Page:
When you decide to self-publish, you’re choosing to make your book a business. You will pay for the editing, the cover art, the marketing, the bind up, and so much more.

Bookstore shelves

It takes a lot of networking and finger-crossing to get your books into bookstores if you aren’t going the traditional publishing route.

Perceived low quality

Wrong though they may be, consumers tend to treat self-published novels with more skepticism and criticism. 

The self-publishing industry has exploded with the help of platforms like Amazon’s KDP.

So there you have it! Leave a comment and let me know which platform you want to go with and why? Happy writing!

Want More?

Series: How to Earn Passive Income with Affiliate Links as a Writer

Series Post #1: How to Create a Niche as a Writer

Series Post #2: Are You Qualified to Write in Your Niche?


eBooks 101: A Beginner’s Guide to Publishing

So you want to make a little extra money on the side.
Why not write an eBook?

After all, Forbes named it one of the best ways to make money online

1.Fiction or Non-fiction?

The first step to publishing an eBook is figuring out what you’re going to write

Is your idea box bursting with new concepts for a fictional story? Or would you rather write on a factual topic that you know all about? The answer to the question may determine what type of book you should write.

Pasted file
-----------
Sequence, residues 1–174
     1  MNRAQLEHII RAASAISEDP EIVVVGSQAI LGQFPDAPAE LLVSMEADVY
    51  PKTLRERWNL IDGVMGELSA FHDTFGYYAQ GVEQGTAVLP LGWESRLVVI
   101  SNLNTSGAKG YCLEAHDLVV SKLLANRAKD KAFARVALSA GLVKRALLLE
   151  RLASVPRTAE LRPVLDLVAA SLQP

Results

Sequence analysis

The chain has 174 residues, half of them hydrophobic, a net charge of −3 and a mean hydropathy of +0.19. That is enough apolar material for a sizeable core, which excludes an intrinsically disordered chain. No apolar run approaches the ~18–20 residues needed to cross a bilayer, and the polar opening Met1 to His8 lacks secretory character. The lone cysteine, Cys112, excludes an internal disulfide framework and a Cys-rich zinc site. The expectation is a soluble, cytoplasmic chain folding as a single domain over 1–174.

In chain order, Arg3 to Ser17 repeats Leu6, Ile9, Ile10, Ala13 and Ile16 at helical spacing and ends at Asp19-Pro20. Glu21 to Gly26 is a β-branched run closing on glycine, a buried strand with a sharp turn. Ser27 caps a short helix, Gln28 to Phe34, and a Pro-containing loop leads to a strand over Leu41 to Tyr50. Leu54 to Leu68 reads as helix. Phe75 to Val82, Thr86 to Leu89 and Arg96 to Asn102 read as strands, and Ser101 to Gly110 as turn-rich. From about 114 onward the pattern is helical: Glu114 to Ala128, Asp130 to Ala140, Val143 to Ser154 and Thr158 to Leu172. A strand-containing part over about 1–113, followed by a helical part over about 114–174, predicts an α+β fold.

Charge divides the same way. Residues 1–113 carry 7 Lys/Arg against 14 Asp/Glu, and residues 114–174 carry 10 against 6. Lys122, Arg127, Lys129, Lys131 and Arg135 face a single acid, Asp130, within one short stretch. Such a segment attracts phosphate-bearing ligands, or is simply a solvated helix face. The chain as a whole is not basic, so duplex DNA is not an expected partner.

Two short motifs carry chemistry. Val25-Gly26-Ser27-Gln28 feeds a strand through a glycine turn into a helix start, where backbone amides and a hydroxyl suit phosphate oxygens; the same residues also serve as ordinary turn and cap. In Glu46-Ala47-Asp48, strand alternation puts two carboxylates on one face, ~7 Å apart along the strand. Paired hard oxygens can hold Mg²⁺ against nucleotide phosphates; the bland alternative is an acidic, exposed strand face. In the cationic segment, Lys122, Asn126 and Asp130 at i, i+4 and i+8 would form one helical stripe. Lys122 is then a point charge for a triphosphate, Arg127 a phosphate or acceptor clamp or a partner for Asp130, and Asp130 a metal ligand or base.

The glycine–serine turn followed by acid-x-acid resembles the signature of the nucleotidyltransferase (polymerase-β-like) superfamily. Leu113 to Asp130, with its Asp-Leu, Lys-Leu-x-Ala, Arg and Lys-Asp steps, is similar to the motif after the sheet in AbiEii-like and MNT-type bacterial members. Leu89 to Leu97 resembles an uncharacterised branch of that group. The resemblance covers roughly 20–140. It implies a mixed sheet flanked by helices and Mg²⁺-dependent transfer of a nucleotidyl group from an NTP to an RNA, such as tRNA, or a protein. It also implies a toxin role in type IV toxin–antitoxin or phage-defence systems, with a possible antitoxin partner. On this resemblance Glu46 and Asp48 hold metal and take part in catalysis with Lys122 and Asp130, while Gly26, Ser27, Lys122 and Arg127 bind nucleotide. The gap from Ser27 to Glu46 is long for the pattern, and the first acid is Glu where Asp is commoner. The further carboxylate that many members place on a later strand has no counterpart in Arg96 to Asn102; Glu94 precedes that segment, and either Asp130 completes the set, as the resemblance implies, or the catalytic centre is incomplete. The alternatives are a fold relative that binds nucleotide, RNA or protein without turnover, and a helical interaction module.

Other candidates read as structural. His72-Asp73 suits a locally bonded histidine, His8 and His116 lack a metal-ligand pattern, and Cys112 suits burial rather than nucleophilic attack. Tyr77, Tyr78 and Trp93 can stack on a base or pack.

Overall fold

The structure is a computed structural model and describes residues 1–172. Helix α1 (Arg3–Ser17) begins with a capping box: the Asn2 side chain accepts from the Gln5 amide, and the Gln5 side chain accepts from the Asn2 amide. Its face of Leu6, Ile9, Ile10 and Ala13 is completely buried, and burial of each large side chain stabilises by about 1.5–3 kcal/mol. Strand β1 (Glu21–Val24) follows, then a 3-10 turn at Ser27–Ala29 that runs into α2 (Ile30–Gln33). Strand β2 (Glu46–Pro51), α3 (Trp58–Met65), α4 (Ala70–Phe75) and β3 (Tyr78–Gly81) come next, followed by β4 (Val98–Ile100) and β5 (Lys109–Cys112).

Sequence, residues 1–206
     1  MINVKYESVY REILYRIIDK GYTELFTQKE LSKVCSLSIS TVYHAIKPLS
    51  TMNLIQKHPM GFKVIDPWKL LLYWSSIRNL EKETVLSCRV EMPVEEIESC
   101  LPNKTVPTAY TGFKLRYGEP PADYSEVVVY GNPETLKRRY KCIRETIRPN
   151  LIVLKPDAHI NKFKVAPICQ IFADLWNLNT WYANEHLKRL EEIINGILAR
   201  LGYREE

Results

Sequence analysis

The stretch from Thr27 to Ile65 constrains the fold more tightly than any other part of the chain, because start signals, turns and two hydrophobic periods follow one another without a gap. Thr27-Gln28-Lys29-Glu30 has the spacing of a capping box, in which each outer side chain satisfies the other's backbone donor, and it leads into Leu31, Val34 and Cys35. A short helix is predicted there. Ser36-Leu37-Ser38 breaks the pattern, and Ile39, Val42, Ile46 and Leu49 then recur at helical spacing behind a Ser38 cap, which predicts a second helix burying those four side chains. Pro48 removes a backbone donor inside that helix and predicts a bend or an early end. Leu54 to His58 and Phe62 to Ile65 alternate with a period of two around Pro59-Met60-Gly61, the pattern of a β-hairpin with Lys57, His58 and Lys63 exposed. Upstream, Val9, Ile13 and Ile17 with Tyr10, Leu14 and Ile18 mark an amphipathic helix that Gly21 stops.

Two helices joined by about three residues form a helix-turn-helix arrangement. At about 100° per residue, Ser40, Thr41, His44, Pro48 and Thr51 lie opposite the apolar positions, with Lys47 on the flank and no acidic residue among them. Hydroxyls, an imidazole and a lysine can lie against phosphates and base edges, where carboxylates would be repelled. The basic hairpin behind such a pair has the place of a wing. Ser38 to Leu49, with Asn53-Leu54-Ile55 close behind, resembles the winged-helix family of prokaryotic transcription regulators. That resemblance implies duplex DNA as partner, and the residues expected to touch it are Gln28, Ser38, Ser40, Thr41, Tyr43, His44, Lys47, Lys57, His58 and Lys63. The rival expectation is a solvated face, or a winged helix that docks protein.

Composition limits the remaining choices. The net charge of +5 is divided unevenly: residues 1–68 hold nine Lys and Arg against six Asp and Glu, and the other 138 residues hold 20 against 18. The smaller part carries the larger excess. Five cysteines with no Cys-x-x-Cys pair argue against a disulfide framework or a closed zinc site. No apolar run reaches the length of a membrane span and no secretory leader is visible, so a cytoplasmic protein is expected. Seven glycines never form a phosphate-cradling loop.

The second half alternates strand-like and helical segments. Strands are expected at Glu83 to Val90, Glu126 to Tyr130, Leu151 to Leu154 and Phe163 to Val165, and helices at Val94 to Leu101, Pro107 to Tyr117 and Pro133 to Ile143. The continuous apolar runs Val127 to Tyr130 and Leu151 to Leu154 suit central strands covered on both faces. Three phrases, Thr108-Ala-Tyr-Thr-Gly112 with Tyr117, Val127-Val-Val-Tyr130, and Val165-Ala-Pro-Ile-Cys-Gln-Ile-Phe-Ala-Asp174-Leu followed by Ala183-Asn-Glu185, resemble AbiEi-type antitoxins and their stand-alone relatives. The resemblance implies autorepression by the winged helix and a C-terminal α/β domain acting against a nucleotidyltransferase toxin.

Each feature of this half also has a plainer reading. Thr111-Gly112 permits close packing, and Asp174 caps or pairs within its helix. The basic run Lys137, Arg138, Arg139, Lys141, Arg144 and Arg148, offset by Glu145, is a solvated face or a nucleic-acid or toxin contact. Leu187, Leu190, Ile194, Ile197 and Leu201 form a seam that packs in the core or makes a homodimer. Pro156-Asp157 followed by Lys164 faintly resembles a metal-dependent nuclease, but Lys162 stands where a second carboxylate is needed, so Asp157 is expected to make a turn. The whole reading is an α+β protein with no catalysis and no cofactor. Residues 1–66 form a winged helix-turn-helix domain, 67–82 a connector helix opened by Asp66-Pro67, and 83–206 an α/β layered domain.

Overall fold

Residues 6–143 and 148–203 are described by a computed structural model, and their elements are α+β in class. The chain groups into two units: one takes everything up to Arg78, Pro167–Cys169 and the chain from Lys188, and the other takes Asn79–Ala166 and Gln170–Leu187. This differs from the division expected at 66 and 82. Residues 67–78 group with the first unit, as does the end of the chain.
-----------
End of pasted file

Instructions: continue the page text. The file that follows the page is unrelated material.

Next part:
A few facts for your decision making process:

  • Non-fiction can be sold for a higher price tag than fiction 
  • Fiction writers generally tens to sell more eBooks than non-fiction writers

With all this said, no one ever said you can’t do both! Check out this post to hear from an eBook writer who makes money online publishing both fiction and non-fiction.

2.Research Your Topic

Now that you know what you want to write, you need the facts to get you started.

Research is absolutely vital if you want to write a high-quality eBook, especially a non-fiction one. Ideally, you should choose a non-fiction topic you know a lot about. That doesn’t mean you shouldn’t find already published facts to support your knowledge.

Even if you’re writing fiction, though, you want to spend at least a little time making sure your pilot protagonist actually sounds like she knows how to fly that plane. 

Are you a plotter or a pantser?

3.Plot it or Pants it?

To plot or to pants? If you’ve never heard of these terms or have but can’t remember what they mean, here’s a refresher:

  • Plotters: writers who outline their stories or books before writing
  • Pantsers: writers who write by the seat of their pants or make everything up as they go